By David G. Firestone
It’s very rare that we lose an icon on the level of Muhammad Ali. It’s even rarer that an athlete transcends his sport and his culture like Ali did. There have been plenty of great boxers over the years, there are many more coming. Ali had somethings that those other boxers didn’t.
Though his detractors called him “brash” and “arrogant,” he said what he had to say, and stood for what he had to stand for. He refused to serve in the army in Vietnam. His quote can be considered legendary when he said that he had“no quarrel with them Vietcong…My conscience won’t let me go shoot my brother, or some darker people, or some poor hungry people in the mud for big powerful America. And shoot them for what? They never called me n—-r, they never lynched me, they didn’t put no dogs on me, they didn’t rob me of my nationality, rape or kill my mother and father…. How can I shoot them poor people? Just take me to jail.”
As a result of that inspired quote, and the inspired reasons behind it, he lost his boxing licenses, he forfeited his titles, and spent time in jail. Ali was never a man to back down from what he believed in, and appealed the decisions, and won. In the ring, he was an innovator. With a lifetime record of 56 and 5, Ali is considered one of the greatest boxers of all time. His nickname “The Greatest” is proof of that.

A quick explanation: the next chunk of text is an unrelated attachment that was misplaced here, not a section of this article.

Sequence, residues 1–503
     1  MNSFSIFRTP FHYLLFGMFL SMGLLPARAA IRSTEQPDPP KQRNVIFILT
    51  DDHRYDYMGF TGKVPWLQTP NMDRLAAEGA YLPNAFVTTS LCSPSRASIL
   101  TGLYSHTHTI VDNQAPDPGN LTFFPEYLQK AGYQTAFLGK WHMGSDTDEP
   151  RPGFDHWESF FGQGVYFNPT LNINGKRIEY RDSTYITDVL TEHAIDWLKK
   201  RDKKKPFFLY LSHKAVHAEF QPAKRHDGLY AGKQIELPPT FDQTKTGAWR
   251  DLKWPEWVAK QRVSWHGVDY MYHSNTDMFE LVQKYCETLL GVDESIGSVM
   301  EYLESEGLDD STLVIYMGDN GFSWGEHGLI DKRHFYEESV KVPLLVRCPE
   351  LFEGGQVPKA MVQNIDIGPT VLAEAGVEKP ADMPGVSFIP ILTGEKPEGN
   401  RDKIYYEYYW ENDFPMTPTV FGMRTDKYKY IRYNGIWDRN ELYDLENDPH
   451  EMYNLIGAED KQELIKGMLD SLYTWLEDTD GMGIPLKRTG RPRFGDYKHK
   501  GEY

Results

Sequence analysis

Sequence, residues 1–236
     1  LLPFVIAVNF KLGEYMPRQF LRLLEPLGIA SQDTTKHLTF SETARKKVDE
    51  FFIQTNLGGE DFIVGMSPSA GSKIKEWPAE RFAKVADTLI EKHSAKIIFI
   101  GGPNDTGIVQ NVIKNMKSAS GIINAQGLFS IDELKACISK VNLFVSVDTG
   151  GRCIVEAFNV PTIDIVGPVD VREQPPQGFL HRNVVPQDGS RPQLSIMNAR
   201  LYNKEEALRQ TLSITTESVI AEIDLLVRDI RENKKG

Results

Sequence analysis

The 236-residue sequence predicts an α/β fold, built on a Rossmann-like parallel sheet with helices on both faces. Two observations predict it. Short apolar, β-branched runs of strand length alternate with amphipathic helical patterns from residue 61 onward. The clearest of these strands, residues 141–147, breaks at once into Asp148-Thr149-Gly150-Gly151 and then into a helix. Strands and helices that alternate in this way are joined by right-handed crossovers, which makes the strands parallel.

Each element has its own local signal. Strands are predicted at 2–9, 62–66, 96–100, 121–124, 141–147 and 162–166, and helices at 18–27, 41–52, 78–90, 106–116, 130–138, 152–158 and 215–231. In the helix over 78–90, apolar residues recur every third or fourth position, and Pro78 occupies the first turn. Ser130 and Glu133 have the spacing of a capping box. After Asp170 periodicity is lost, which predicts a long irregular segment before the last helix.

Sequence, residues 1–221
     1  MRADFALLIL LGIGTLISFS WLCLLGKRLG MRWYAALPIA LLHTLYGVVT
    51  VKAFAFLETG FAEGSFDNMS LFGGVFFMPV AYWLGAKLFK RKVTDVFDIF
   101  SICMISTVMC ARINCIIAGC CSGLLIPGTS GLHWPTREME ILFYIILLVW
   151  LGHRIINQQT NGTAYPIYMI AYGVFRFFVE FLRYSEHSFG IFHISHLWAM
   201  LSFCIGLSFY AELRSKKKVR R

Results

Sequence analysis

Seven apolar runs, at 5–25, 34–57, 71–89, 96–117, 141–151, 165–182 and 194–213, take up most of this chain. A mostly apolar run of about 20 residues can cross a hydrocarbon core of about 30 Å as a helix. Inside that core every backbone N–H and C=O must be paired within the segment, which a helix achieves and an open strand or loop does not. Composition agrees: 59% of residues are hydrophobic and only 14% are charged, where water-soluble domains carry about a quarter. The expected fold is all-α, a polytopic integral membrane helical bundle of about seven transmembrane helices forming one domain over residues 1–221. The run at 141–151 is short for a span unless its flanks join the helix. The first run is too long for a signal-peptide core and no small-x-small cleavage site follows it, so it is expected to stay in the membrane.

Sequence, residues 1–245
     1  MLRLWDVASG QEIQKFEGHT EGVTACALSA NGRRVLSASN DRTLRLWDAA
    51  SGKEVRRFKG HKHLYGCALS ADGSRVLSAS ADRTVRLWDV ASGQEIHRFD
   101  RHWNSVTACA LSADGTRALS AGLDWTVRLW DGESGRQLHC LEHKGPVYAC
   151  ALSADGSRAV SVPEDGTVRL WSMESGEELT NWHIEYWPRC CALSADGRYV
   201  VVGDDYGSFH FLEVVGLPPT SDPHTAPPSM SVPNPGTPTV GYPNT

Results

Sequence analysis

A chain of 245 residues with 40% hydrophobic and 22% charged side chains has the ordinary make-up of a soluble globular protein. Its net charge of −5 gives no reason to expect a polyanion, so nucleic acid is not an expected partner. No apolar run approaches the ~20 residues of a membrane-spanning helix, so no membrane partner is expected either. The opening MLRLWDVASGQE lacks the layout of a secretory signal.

Out of the ring he was as good a statesman as he was a boxer. His anti-war ideals were supported by large numbers of people. His pride in himself made him a respected figure. He became the most famous man in the world. His love for peace was such that as tensions between Iraq and the US were escalating in 1991, he traveled to Iraq and met with Saddam Hussein to try and release American hostages. When Parkinson’s Disease robbed him of the ability to be Ali, he could have given up hope, but he decided to be the poster child for Parkinson’s. In this sense, Ali was more legend than human…and at the same time, more human then legend.
The only thing that can and should be said in the end is that we really have tragically lost an American icon.